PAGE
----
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Archive for Saturday, April 24, 2004

Faith forum

April 24, 2004

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What happens to the soul when we die?

Soul will experience what mind calculated

Charles Gruber, Lawrence resident, practices Zen Buddhism, Sufism and Judaism:

My response to the question, "What happens to the soul when we die?" is necessarily my version. Your version is necessarily your version. My version is that everyone's soul (the eternal part of our awareness) will experience exactly what the mind calculated during corporeal life. Therefore, for some folks, heaven or hell, cosmic awakening or nothingness, or angelic transformation is what they expect, so that's what they'll get.

When I die, I will leave behind this well-worn body, rise above it and become an undifferentiated point of awareness. The time-space continuum rules will flex. To use a computer analogy, I will have had the history of my last birth and life and death inserted like a microchip into my soul's memory. There is infinite capacity in that memory. The memories stored in the chip interrelate with those of other lives so that when it comes time for me to recycle, my soul will manifest in a body with specific lessons to learn so I can continue the human part of my education.

The Great Mystery in all of this is that, to paraphrase Bob Dylan, you can be in my version of the "afterlife" and I can be in yours. The context of each version will be different. However, in my undifferentiated universe, that's OK. This Zen poem (author unknown) comforts me:

"The Human Route"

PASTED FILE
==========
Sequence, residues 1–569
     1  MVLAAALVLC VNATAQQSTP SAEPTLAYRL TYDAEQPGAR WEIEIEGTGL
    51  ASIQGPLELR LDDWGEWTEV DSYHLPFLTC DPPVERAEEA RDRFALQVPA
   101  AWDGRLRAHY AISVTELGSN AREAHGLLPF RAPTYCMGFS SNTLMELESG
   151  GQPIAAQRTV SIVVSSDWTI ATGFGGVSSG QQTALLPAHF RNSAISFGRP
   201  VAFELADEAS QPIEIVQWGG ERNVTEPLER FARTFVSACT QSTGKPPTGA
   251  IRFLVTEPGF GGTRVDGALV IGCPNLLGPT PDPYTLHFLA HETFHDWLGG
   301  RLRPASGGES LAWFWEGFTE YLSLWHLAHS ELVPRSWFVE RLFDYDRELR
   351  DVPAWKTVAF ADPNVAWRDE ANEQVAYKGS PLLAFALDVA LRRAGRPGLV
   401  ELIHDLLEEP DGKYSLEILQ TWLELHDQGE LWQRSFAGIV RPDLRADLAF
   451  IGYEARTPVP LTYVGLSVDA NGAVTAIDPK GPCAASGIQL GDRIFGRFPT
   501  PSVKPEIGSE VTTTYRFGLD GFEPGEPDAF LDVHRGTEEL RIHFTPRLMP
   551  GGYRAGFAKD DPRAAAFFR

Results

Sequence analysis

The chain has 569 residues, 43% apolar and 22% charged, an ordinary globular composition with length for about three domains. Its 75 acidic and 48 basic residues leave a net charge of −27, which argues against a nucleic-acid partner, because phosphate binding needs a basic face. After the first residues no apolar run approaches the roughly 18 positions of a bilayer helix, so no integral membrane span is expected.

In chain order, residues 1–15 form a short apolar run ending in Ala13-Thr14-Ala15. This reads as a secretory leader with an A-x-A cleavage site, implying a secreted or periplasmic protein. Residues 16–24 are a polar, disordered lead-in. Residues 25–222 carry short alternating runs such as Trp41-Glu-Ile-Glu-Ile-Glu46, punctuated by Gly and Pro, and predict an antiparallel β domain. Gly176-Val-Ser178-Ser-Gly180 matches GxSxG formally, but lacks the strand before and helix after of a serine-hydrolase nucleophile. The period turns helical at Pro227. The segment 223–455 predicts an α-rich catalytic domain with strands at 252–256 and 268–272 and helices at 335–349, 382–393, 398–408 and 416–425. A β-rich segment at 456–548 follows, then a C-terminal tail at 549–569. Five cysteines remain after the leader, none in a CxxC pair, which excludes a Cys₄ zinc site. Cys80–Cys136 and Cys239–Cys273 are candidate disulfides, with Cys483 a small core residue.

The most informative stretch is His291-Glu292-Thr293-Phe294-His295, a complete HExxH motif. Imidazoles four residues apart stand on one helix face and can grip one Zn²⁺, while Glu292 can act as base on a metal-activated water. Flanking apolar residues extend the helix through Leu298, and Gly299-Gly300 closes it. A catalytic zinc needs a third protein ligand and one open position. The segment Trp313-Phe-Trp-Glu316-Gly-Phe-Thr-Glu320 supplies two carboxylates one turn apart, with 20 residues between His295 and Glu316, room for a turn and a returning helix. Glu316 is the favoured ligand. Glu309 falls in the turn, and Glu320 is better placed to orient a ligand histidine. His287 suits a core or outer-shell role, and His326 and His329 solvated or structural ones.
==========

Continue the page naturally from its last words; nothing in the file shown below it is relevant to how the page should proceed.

Coming empty-handed, going empty-handed -- that is human.

When you are born, where do you come from?

When you die, where do you go?

Life is like a floating cloud which appears.

Death is like a floating cloud which disappears.

The floating cloud itself originally does not exist.

Life and death, coming and going, are also like this.

But there is one thing which always remains clear.

It is pure and clear, not depending on life and death.

What is that one pure and clear thing?




Send e-mail to Charles Gruber at cgruber@cgruber.com.

God's love, mercy provides assurance

The Rev. Angela Lowe, board certified chaplain, Lawrence Memorial Hospital:

As my faith continues to seek understanding, the answer to many questions including this one is complex. According to the apostle Paul, the dead are not separated from God, nor are they sleeping. They are not yet risen either. They are with Christ.

Jurgen Moltmann, theologian and author, advocates that "the time between Christ's Resurrection and the general resurrection of the dead is not empty, like a waiting room. It is filled by the lordship of Christ over the dead and the living, and by the experience of the Spirit, who is the life-giver."

Our capacity to fully understand life on the other side of death is similar to a caterpillar's grasp of life on the other side of the cocoon. Through the lens of God's love, mercy and grace we can obtain assurance and comfort. I worship a God who "does not deal with us according to our sins, nor repay us according to our iniquities." God's steadfast love is as great "as the heavens are high above the earth." (Psalm 103:10-11) We have an assurance from God found in the Pauline epistle to the Romans (8:38-39) "neither death nor life ... will be able to separate us from the love of God that is in Christ Jesus."

In life and in death, we belong to God. We live by grace and also die by grace. According to grace, the sin that we commit is condemned, while we ourselves are pardoned. That is the central message of the cross and the hope of the Easter message. The risen Christ is our proof that there is indeed life after death.

"The home of God is among mortals. God will dwell with them. They will be God's people and God will be with them. God will wipe every tear from their eyes. There will be no more death or mourning or crying or pain, for the old order of things will pass away." (Rev. 21:3-4)

Our souls will eventually reside with God because of God's love, mercy and amazing grace.




Send e-mail to the Rev. Angela Lowe at anlowe@lmh.org.

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